Marengo used to be Napoleon Bonaparte’s 'personal charger’ and ‘favourite horse’, a horse whose occupation spanned the entire of the Napoleonic Wars.
With a bullet lodged in his tail and the imperial cipher of a topped letter ‘N’ burnt on his left flank, a diminutive Arab stallion drew crowds to Pall Mall, London, in 1823.
Sightseers got here to stare upon the pony marketed as ‘Bonaparte’s own charger’, whose profession had spanned the complete of the Napoleonic Wars, who, to the sound of marching songs, drums, pipes and gunfire, had trotted, cantered and galloped from the Mediterranean to Paris, Italy, Germany and Austria, and on the age of 19, had walked 3 thousand miles to Moscow and back.
Since then, either lifeless and alive, this horse with a similar sonorous identify as Napoleon’s nice victory, Marengo, has been a celebrity convey in Britain.
At London’s earliest army museum his articulated skeleton was once visible by means of Queen Victoria and displayed because the horse that had carried his grasp at Austerlitz in 1805, at Jena in 1806, at Wagram in 1809, within the Russian crusade of 1812, and at Waterloo in 1815.
For over a hundred and fifty years one in every of his hooves has stood on a glowing sideboard within the officials’ mess at Saint James’s Palace. this day his skeleton, is the only equine express within the sizeable Waterloo Gallery on the nationwide military Museum in Chelsea, London.
Horses for Napoleon have been either worthy and glamorous. He used them for sport, for velocity and as majestic pedestals on which he seemed as a larger-than-life figure.
But often they have been unstoppable machines of struggle.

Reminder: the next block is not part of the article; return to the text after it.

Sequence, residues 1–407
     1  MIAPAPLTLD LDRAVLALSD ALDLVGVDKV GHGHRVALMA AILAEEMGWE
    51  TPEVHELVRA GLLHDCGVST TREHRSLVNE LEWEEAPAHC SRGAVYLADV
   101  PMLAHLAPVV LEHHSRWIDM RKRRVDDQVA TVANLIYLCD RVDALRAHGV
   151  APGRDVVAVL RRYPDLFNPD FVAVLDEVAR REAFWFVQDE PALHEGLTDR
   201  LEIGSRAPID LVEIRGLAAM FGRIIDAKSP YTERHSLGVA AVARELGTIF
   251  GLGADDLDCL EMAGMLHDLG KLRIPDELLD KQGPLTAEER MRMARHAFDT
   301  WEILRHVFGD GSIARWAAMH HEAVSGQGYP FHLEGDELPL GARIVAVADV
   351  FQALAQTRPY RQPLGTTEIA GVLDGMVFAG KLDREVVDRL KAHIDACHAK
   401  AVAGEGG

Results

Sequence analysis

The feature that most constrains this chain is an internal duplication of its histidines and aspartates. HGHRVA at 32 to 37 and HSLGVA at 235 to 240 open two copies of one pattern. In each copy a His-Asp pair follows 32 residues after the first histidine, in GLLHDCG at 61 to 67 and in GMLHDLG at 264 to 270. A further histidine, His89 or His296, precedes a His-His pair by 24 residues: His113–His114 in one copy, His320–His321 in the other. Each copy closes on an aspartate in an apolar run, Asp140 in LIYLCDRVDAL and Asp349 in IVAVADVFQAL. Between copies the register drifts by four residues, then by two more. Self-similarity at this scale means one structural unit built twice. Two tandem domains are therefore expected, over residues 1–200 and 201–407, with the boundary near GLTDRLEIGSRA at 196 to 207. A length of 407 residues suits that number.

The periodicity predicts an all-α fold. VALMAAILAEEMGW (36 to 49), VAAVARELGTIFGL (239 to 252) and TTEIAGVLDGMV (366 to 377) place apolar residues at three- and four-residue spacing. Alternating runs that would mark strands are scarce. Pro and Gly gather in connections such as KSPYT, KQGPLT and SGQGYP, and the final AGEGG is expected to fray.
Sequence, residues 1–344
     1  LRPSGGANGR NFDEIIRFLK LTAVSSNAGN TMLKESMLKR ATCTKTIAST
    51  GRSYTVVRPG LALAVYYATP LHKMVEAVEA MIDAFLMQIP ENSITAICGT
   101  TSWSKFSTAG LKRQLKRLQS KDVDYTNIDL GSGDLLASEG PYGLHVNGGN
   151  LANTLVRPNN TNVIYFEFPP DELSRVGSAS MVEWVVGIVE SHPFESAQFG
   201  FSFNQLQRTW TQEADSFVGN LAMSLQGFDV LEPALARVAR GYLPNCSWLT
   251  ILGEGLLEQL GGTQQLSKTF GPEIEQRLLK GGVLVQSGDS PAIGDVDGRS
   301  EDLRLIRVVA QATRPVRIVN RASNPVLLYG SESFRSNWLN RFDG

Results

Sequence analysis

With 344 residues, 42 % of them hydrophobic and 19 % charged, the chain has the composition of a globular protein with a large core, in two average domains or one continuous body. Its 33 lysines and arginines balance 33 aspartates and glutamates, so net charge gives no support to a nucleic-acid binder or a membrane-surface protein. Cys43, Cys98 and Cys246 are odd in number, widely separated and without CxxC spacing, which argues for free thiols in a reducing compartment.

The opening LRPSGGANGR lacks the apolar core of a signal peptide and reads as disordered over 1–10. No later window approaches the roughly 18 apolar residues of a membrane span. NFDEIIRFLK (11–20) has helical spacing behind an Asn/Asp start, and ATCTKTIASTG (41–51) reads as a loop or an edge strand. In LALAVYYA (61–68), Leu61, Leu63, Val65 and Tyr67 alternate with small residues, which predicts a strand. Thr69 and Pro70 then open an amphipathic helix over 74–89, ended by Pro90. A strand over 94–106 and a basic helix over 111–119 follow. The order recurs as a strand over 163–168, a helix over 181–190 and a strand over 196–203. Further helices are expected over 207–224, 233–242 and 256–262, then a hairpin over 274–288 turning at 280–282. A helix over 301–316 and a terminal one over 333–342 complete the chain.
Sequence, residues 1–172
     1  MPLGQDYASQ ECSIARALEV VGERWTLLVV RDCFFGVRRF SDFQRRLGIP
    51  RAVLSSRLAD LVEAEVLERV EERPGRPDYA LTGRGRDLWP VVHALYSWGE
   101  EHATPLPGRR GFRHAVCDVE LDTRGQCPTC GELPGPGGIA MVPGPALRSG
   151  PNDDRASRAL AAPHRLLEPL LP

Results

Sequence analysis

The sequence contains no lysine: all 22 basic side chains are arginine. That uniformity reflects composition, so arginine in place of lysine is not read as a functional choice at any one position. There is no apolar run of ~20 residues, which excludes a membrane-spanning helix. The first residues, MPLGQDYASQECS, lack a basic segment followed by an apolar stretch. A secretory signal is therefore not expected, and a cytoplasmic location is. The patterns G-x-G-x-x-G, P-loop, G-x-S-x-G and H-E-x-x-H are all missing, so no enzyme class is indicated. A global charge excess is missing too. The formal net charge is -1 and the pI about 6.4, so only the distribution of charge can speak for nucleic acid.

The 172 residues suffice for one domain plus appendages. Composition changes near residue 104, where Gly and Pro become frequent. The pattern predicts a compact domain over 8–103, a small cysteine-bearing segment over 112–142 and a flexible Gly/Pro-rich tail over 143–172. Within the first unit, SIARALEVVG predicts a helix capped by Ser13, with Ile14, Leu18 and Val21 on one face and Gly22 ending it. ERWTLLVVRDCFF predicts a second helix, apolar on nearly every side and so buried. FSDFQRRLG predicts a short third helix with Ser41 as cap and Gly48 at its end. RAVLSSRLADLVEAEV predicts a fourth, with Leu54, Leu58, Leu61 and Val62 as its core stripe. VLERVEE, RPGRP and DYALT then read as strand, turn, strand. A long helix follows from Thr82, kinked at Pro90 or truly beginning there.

As he grew to become the ramshackle cavalry of the progressive military into the main striking fastened strength in historical past he made excellent use of horses in conflict.
'Jill Hamilton has performed a few fabulous detective paintings, and written a gem of a publication suggesting an aspect to Bonaparte now not formerly explored. Hamilton tracks the Napoleonic horses via all of the campaigns, and lays naked the myths, but in a fashion that leaves the reader enthralled nonetheless through the concept of Bonaparte's criss-crossing Europe at the again of a horse no higher than a pony.' - The Times
'Jill Hamilton casts mild on a desirable and overlooked element of Napoleon's profession: his horses.' - day-by-day Telegraph
'The Emperor's liked steed, Marengo, prompted a sensation in the course of a London exhibition in 1823. Now he's back a resource of fascination.' - day-by-day Express
'A attention-grabbing subject.' - Scotsman
'Formidable and imaginitive. perfect for somebody with an curiosity in horses or Napoleon.' - state Life
The Duchess of Hamilton has an MA in close to and heart East reviews from SOAS on the college of London. She writes for the Catholic usher in and has written a number of books together with ‘God, weapons and Israel’.
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